A beautiful Dorje Shugden depicted in Druid and newage style. There are many more here and free downloads in high file: http://www.tsemrinpoche.com/?p=144924
Here, His Holiness Kyabje Trijang Rinpoche (left), one of the tutors of His Holiness the Dalai Lama, confers one of the many countless tantric initiations on the Dalai Lama (right). You can see a young Dalai Lama bowing in this picture with Trijang Rinpoche blessing him. Trijang Rinpoche is therefore undoubtedly the Dalai Lama’s tantric master. A great master at that. Tsem Rinpoche
2 months ago
Here, His Holiness Kyabje Trijang Rinpoche (left), one of the tutors of His Holiness the Dalai Lama, confers one of the many countless tantric initiations on the Dalai Lama (right). You can see a young Dalai Lama bowing in this picture with Trijang Rinpoche blessing him. Trijang Rinpoche is therefore undoubtedly the Dalai Lama’s tantric master. A great master at that. Tsem Rinpoche
This is a very sacred statue of Buddha Chenresig (Avalokitesvara/Kuan Yin) that manifested many miracles in North India. Read and see more pictures and understand the background here: http://www.tsemrinpoche.com/?p=153802
3 months ago
This is a very sacred statue of Buddha Chenresig (Avalokitesvara/Kuan Yin) that manifested many miracles in North India. Read and see more pictures and understand the background here: http://www.tsemrinpoche.com/?p=153802
Wonderful updated version of The Promise book is out! Please get your copy. Much more new information included.
3 months ago
Wonderful updated version of The Promise book is out! Please get your copy. Much more new information included.
\"Bhagavani, source of all wonders, Vasudhara, Goddess of splendour and fortune, bestower of auspicious mental desires; homage to the Goddess Wish-fulfilling Wheel.\" (Sakya liturgical verse).
3 months ago
"Bhagavani, source of all wonders, Vasudhara, Goddess of splendour and fortune, bestower of auspicious mental desires; homage to the Goddess Wish-fulfilling Wheel." (Sakya liturgical verse).
Beautiful and sacred Vajra Yogini in Pharping, Nepal. The caretaker said it was owned by the Great Marpa the translator who was the guru of Milarepa. Wow.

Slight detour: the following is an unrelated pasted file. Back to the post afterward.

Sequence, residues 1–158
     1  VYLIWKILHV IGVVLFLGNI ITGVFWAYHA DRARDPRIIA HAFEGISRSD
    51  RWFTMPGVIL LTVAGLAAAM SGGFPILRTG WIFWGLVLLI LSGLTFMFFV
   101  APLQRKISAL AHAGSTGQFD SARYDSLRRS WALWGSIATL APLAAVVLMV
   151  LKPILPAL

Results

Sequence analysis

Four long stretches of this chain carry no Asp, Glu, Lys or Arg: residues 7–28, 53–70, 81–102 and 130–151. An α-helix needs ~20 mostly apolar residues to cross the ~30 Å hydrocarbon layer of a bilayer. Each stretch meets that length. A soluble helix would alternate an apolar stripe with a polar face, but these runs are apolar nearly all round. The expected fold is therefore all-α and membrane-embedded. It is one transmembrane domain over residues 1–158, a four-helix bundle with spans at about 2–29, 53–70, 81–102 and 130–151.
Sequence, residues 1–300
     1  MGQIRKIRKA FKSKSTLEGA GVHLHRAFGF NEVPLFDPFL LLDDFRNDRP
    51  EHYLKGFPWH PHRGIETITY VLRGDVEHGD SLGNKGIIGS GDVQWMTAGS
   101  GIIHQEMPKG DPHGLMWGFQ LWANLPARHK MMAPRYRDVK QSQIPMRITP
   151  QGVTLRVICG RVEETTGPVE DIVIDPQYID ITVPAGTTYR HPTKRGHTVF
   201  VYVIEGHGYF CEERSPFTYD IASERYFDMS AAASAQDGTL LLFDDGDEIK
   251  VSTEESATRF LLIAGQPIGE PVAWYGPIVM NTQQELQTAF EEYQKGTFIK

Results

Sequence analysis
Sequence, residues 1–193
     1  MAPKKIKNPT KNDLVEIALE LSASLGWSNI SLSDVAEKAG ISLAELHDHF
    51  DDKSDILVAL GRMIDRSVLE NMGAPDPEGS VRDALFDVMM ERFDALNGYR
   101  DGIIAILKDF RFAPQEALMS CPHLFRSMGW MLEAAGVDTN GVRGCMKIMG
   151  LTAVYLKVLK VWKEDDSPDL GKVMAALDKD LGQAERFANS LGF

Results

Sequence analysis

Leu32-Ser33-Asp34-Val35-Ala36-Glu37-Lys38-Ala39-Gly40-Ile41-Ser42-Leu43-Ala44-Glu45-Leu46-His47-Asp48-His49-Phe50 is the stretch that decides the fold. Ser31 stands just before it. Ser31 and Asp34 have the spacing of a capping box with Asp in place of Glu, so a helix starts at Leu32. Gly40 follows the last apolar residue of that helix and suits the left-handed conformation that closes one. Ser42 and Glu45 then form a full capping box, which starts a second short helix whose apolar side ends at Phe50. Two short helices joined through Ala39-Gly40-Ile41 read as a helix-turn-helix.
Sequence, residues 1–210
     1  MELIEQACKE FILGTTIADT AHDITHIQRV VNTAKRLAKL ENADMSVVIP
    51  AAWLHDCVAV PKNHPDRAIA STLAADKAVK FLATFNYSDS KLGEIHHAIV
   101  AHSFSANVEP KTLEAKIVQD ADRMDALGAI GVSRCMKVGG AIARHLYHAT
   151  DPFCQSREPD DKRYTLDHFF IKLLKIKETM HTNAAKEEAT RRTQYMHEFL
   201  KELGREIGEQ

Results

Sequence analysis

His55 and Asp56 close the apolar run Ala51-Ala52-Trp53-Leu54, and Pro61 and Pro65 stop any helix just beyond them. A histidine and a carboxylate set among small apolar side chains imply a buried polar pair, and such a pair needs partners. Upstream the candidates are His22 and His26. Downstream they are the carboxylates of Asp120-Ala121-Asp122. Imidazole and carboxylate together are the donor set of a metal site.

3 months ago
Beautiful and sacred Vajra Yogini in Pharping, Nepal. The caretaker said it was owned by the Great Marpa the translator who was the guru of Milarepa. Wow.
In the Lankavatara Sutra, Lord Buddha says: \"For innumerable reasons, the Bodhisattva, whose nature is compassion, is not to  any meat. Thus Mahamati, whenever there is the evolution of living beings, let people cherish the thought of kinship with them, and thinking that all beings are [to be loved as if they were] and only child, let them refrain from eating meat.  Mahamati, meat is not eaten by anybody for any reason, there will be no destroyer of life. Thus, Mahamati, meat-eating I have not permitted to anyone, I do not permit, I will not permit.\"
3 months ago
In the Lankavatara Sutra, Lord Buddha says: "For innumerable reasons, the Bodhisattva, whose nature is compassion, is not to any meat. Thus Mahamati, whenever there is the evolution of living beings, let people cherish the thought of kinship with them, and thinking that all beings are [to be loved as if they were] and only child, let them refrain from eating meat. Mahamati, meat is not eaten by anybody for any reason, there will be no destroyer of life. Thus, Mahamati, meat-eating I have not permitted to anyone, I do not permit, I will not permit."
At times I have to be a trendsetter in spirituality as opposed to just being a follower and that is why I take chances and try. I may not be liked always for it, but I have to do it. In this way I have been introducing Dorje Shugden to the world. I know Shugden is good and will help so many and that is why I do it.
3 months ago
At times I have to be a trendsetter in spirituality as opposed to just being a follower and that is why I take chances and try. I may not be liked always for it, but I have to do it. In this way I have been introducing Dorje Shugden to the world. I know Shugden is good and will help so many and that is why I do it.
Courage is doing something you know the majority will not agree with and perhaps even some will scorn you for it, but you do it anyway because you know it\'s right and will benefit people at the cost of your own reputation. That\'s how I feel when I share Dorje Shugden\'s practice with the world.